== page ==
But we have seen this equation before in A simple definition of Phi so know that X is, indeed, exactly Φ!

Remember, this supposed that the ratio of two pairs of neighbours in the Fibonacci series was the same value. This only happens "in the limit" as mathematicians say. So what happens is that, as the series progresses, the ratios get closer and closer to this limiting value, or, in other words, the ratios get closer and closer to Φ the further down the series that we go.

Did you notice that we have not used the two starting values in this proof? No matter what two values we start with, if we apply the Fibonacci relationship to continue the series, the ratio of two terms will (in the limit) always be Phi!

But there are two values that satisfy X2 = X + 1 aren't there?

Yes, there are. The other value, –phi which is –0·618... is revealed if we extend the Fibonacci series backwards. We still maintain the same Fibonacci relationship but we can find numbers before 0 and still keep this relationship:
i...–10–9–8–7–6–5–4 –3–2–1012345 678910...
Fib(i)...–5534–21 13 –8 5 –3 2 –1 1 0 1 1 235 8 13 21 34 55 ...
When we use this complete Fibonacci series and plot the ratios F(i)/F(i–1) we see that the ratios on the left-hand side of 0 are
1 = –1,   –1 = –0.5,   2 = –0.666..,   –3 = –0.6,   5 = –0.625, ...
----------
–12–3 5–8
Plotting these shows both solutions to X2 = X + 1:-
fibPlot

More on Fibonacci Number ratios

What if we take the ratio not of neighbouring Fibonacci numbers but Fibonacci numbers one apart, i.e. F(n)/F(n-2)?

Experiment with a spreadsheet (or calculator) and you will soon find that F(n)/F(n-2) gets closer and closer to 2.618... as n gets larger. This is Φ+1 and also Φ2.

What if the numbers are 3 apart i.e. F(n)/F(n-3)?
This time the ratio gets closer to 4.236... or Φ3
Is there a general rule for the limit of F(n)/F(n-k)?
Yes! This ratio gets closer and closer to Φk.

If is easy to verify this using a small variation on the method above (where we showed F(i)/F(i+1) gets closer to Φ as i gets larger), or using Binet's Formula that we met earlier on the page called A Formula For Fib(n).

Another definition of Phi

We defined Φ to be (one of the two values given by)
Phi2 = Phi+1

Suppose we divide both sides of this equation by Phi:
Phi = 1 + 1/Phi

Here is another definition of Φ - that number which is 1 more than its reciprocal
(the reciprocal of a number is 1 over it so that, for example, the reciprocal of 2 is 1/2 and the reciprocal of 9 is 1/9).

Phi as a continued fraction

Look again at the last equation:
Phi = 1 + 1/Phi
This means that wherever we see Phi (Φ) we can substitute (1 + 1/Phi).
Since we see Phi on the right hand side, lets substitute it in there!
Phi = 1 + 1/(1 + 1/Phi)
In fact, we can do this again and again and get:
Phi = 1 + 1
1 + 1
1 + 1
1 + ..
This unusual expression is called a continued fraction since we continue to form fractions underneath fractions underneath fractions.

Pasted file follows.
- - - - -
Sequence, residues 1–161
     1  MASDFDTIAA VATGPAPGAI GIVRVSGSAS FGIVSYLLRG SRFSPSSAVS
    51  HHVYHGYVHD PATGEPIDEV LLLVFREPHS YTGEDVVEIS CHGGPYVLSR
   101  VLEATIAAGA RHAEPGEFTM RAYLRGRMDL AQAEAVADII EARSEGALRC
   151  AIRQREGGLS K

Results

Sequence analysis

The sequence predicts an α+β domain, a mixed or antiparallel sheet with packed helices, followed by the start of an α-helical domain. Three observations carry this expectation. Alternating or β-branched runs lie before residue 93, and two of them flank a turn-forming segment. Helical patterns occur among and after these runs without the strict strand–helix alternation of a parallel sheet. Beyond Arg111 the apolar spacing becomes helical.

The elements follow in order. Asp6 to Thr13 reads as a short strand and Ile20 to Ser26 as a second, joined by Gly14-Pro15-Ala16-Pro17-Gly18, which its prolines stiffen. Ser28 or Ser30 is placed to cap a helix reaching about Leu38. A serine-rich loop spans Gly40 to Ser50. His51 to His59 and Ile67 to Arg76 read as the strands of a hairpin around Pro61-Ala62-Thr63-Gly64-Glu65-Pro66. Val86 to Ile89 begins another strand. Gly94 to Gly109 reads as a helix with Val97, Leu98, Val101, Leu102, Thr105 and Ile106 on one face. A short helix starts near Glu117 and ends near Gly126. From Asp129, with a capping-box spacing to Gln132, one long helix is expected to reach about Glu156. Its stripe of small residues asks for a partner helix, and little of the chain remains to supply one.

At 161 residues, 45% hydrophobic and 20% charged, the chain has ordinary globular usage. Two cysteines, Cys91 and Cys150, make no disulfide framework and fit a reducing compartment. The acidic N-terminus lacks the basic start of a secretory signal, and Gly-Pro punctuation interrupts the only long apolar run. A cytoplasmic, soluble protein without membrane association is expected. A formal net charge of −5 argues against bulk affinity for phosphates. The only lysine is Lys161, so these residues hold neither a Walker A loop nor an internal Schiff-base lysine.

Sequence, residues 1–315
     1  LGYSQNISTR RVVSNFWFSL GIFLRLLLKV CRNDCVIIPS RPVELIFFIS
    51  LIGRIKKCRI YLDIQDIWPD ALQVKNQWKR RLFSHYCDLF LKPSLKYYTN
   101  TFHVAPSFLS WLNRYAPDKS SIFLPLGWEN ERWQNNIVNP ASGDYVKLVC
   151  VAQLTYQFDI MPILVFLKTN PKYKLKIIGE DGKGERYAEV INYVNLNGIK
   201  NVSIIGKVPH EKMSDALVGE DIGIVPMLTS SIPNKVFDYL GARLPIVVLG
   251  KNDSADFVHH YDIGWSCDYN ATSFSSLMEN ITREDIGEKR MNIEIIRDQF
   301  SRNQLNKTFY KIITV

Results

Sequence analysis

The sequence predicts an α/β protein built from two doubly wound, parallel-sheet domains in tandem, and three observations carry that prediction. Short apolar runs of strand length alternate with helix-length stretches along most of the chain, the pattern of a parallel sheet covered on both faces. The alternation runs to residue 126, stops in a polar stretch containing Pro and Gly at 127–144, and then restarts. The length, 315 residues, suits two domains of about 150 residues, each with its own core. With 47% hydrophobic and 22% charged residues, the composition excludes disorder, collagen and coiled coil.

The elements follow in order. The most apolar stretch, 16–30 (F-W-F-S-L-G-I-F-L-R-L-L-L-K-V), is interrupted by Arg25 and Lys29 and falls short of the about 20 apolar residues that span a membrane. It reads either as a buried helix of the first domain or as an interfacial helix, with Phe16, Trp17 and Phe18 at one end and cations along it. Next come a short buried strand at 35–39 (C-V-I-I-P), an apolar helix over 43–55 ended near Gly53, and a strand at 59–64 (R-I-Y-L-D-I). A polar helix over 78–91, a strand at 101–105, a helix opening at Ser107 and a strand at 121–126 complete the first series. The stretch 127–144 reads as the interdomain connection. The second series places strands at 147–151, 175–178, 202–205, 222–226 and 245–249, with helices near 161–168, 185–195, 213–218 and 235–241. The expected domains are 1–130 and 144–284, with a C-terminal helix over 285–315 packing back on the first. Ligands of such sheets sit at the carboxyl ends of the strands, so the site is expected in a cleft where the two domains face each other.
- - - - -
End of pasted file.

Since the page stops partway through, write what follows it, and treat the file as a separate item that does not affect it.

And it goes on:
This continued fraction has a big surprise in store for us....

Phi is not a fraction

But Phi is a fraction .. it is (√5 + 1)/2.
Here, by a fraction we mean a number fraction such as 2/3 or 17/24 or 12/7. The first is a proper fraction since it are less than 1. Also 5.61 is a fraction, a decimal fraction since it is 561/100, the ratio of a whole number and a power of ten.
Strictly, all whole numbers can be written as fractions if we make the denominator (the part below the line) equal to 1! However, we commonly use the word fraction when there really is a fraction in the value.

Mathematicians call all these fractional (and whole) numbers rational numbers because they are the ratio of two whole numbers and it is these number fractions that we will mean by fraction in this section.

It may seem as if all number can be written as fractions - but this is, in fact, false. There are numbers which are not the ratio of any two whole numbers, e.g. √2 = 1.41421356... , π = 3.14159..., e = 2.71828... . Such values are called ir-ratio-nal since they cannot be represented as a ratio of two whole numbers (i.e. a fraction). A simple consequence of this is that their decimal fraction expansions go on for ever and never repeat at any stage!
Any and every fraction has a decimal fraction expansion that either

Can we write Phi as a fraction?
The answer is "No!" and there is a surprisingly simple proof of this. Here it is. [with thanks to Prof Shigeki Matsumoto of Konan University, Japan]
First we suppose that Φ can be written as a fraction and then show this leads to a contradiction, so we are forced to the conclusion Φ cannot be written as a fraction:
Suppose Φ = a/b and that this fraction is in its lowest terms which means that:
But we know from the alternative definitions of Φ and φ that
Φ = 1/φ and φ = Φ – 1 which we put in the fraction for Φ:
Φ = 1/(Φ –1).
Now we substitute a/b for Φ:
a/b = 1/(a/b –1) = b/(ab)
But here we have another fraction for Φ that has a smaller numerator, b since a > b
which is a contradiction because we said we had chosen a and b were chosen to be the smallest whole numbers.
So we have a logical impossibility if we assume Φ can be written as a proper fraction
and the only possibility that logic allows is that Φ cannot be written as a proper fraction - Φ is irrational.

Rational Approximations to Phi

If no fraction can be the exact value of Φ, what fractions are good approximations to Φ?

The answer lies in the continued fraction for Φ that we saw earlier on this page.
If we stop the continued fraction for Φ at various points, we get values which approximate to Φ:

Φ = 1  
 
 
 
Φ = 1 + 1
1
  = 2 
 
Φ = 1 + 1
1 + 1
1
  = 3
2
Φ = 1 + 1
1 + 1
1 + 1
1
  = 5
3

The next approximation is always 1 + 1/(the previous approximation) shown in green.
Did you notice that this series of fractions is just the ratios of successive Fibonacci numbers - surprise!

The proper mathematical term for these fractions which are formed from stopping a continued fraction for Φ at various points is the convergents to Φ. The series of convergents is

1,  2,  3,   5,  8,  13,   21,   ...
1123 5813

Why do Fibonacci numbers occur in the convergents?

This is an optional section where we show exactly why the Fibonacci numbers appear in the successive approximations (the convergents) above. Skip to the next section if you like

The convergents start with 1/1 = F(1)/F(0)
where F(n) represents the n-th Fibonacci number.